The dollar smiles — always

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The dollar smiles — always

Kim Pil-gyu
The author is a Washington correspondent for the JoongAng Ilbo.

Korean-American Kim Ji-sun, who lives in Virginia, felt she had earned money after visiting Korea. The dollar that had been at around 1,100 won last year shot up above 1,300 won in June. She felt she had saved money, but the 100,000 won that worth $93 was only $77 now.

Americans also felt lighter about vising Europe. One dollar bill exchanged for 1 euro last month. It is the first time the two exchange rates hit parity since 2002.

CNN and other media outlets reported Americans were returning home with luxuries and wines from European trips. According to an Allianz report in June, the number of Americans travelling to Europe this year is expected to surge 600 percent from last year thanks partly to the strong dollar, which has gained 15 percent against the euro. Some rich Americans are said to be on a shopping spree for mansions in France.

Americans can enjoy the luxury of a spending spree, unlike most other countries, thanks to the dollar smile phenomenon. The theory was coined by Stephen Jen, a former strategist in foreign exchange at Morgan Stanley, after the shape of currency fluctuations chart that goes up from both ends.

He claimed that the greenback tends to appreciate both when the U.S. economy is outperforming and when it is in a recession or the financial system under great stress. The U.S. Dollar Index (DXY), measuring the value of the greenback against a weighted basket of currencies used by U.S. trade partners, went up to the 107 mark last month, the highest in 20 years.

The strengthening of the dollar is due largely to aggressive benchmark rate increases by the U.S. Federal Reserve. The rate increases have added appeal to the safe assets of U.S. treasuries to spark capital migration to the dollar-denominated securities. The spike in natural gas prices from the Russian invasion of Ukraine that hit the European economies helped put the U.S. economy in better light, contributing to stronger dollar, according to Kenneth Rogoff, an economist of Harvard University.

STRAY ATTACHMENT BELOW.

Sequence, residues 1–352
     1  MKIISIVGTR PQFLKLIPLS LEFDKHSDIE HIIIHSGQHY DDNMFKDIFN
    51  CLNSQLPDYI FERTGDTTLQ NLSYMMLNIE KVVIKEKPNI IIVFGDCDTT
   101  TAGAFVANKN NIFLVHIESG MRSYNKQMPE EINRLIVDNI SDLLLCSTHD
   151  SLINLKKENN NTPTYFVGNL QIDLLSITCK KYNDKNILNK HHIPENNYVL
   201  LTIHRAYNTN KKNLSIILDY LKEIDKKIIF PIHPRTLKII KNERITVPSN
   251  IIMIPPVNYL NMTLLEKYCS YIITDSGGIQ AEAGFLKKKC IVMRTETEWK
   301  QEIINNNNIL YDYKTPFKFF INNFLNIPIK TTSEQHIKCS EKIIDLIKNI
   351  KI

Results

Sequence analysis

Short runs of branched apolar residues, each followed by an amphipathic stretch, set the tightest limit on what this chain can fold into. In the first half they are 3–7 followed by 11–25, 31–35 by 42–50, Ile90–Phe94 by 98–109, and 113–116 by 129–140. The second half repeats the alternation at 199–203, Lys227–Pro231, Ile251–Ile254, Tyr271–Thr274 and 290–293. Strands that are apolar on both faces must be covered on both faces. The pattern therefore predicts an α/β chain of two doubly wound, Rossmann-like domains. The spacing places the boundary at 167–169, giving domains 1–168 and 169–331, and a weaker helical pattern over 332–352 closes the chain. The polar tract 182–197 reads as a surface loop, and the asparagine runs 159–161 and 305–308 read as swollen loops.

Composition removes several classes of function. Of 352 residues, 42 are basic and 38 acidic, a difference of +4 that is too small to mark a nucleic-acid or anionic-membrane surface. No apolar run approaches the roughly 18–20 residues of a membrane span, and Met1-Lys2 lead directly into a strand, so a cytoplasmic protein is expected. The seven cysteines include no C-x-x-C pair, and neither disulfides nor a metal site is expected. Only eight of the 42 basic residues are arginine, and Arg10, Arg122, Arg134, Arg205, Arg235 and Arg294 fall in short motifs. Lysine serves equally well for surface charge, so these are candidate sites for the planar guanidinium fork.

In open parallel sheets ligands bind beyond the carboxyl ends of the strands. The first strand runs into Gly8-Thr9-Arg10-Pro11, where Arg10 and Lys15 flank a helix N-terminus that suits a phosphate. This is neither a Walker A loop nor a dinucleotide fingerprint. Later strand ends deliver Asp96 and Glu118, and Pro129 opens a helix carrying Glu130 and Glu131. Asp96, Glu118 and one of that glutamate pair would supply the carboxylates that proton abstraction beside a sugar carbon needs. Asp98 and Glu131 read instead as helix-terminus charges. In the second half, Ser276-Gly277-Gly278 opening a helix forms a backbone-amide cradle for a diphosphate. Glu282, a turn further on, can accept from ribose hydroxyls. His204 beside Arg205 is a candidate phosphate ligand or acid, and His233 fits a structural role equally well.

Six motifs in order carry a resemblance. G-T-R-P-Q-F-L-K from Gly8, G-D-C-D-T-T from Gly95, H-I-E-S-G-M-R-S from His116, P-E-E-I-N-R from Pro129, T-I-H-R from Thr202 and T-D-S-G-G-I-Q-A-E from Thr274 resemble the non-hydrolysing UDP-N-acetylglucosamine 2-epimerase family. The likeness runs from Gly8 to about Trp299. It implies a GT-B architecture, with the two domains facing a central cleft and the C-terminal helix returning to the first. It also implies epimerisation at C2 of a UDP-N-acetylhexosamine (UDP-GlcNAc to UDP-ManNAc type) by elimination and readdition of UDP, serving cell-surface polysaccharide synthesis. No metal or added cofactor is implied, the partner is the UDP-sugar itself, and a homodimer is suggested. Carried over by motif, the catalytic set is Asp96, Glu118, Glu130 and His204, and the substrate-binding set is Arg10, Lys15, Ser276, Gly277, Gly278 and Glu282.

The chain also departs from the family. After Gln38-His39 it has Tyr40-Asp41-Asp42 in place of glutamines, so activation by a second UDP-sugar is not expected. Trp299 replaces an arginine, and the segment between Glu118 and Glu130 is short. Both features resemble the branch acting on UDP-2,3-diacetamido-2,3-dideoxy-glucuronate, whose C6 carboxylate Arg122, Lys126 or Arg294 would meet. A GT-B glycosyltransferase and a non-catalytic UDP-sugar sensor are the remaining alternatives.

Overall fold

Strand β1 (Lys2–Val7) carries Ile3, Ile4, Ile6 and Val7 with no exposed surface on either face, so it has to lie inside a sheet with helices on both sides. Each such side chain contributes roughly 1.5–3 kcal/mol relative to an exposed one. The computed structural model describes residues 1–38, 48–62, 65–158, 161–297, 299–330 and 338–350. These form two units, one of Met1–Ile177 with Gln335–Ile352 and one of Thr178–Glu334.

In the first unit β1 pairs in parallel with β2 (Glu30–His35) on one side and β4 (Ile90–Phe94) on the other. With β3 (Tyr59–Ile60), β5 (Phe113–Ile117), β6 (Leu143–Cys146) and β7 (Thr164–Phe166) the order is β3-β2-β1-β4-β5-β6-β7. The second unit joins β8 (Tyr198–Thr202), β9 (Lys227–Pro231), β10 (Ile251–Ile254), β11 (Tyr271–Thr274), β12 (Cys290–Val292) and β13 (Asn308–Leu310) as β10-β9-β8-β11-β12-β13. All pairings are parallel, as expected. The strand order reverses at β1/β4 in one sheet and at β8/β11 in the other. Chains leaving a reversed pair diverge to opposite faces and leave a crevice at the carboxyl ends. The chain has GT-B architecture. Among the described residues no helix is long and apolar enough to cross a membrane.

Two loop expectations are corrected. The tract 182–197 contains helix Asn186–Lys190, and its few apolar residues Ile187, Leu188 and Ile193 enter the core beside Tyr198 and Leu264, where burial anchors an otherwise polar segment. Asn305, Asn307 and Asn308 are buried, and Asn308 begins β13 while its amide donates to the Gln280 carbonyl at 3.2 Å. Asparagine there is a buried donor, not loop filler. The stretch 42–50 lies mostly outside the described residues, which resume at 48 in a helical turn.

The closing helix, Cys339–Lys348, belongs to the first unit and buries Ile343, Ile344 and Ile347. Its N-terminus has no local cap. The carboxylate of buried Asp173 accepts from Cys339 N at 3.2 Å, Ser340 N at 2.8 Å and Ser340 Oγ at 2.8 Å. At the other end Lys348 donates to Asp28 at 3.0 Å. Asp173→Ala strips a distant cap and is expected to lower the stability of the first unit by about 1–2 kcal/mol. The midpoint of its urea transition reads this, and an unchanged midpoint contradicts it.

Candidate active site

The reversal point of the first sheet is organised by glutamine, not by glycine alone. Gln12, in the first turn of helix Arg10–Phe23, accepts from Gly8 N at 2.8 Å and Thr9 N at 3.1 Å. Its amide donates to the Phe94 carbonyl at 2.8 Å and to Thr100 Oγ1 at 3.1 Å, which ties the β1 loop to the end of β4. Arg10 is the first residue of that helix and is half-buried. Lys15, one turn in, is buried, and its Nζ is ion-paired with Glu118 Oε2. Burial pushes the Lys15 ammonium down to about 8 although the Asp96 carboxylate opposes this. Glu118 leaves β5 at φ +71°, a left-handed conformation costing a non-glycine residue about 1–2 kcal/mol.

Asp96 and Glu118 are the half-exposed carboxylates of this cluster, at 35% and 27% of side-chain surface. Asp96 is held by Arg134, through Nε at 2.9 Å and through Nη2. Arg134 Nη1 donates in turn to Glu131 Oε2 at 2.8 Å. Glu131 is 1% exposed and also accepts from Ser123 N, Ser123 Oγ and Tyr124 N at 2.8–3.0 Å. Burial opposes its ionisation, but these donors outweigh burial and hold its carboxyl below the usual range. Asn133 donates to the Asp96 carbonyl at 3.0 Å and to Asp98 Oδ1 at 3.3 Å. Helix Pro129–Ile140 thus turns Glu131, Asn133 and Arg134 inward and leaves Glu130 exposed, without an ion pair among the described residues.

The dollar’s smile, however, has not made other economies happy. The strong dollar has made other countries spend more of their currencies to cover for the debt in dollar denomination and pay for imports in the greenback, observed Daouda Sembene, a former executive director of the International Monetary Fund.

Emerging economies with high external reliance have seen their currencies sharply depreciate against the dollar. Sri Lanka defaulted on its debt in May after it came ran short of foreign exchange reserves.
Korea also has been hit hard by the strong dollar. Inflation has worsened, as strong dollar has made imports more expensive. The faster rise in interest rates to help calm the soaring exchange rate has aggravated debt financing woes for households.

The cheaper won helps exports by making Korean products price-appealing on the U.S. market. Given Korea’s economic fundamentals, foreign exchange levels, and growth rate, it may be premature to raise the alarm about a financial crisis as in the scale of the past two major crises. “The key is the flight of foreign capital from the Korean market, but it has been a different case as in the past,” said Kim Suk-won, head of the Washington office of the Bank of Korea.

Two factors can tame the dollar. The first is the end of the Ukraine war. When the energy crisis from the invasion eases and the euro strengthens on removed uncertainties, the dollar preference could weaken.

Second, the U.S. economy could recede from a jump in interest rates. Upon a recession next year, the Fed could shift back to loosening policy. When foreign investors cash out of U.S. assets, the dollar would lose its value.

But an overly fast economic contraction could bring about another shock to the economy. Developing economies have been sustaining growth through exports to the U.S. But if the U.S. economy retreats, their growth also would be at stake. Swiss investment bank UBS warned that the emerging markets could face bigger pain if they lose exports.
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